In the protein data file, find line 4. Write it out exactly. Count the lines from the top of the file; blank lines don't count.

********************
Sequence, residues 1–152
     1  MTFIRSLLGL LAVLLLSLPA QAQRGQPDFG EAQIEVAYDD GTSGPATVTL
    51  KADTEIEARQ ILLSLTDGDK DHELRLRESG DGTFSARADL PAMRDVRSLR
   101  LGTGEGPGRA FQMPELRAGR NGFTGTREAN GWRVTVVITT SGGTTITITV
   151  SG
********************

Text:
   101  LGTGEGPGRA FQMPELRAGR NGFTGTREAN GWRVTVVITT SGGTTITITV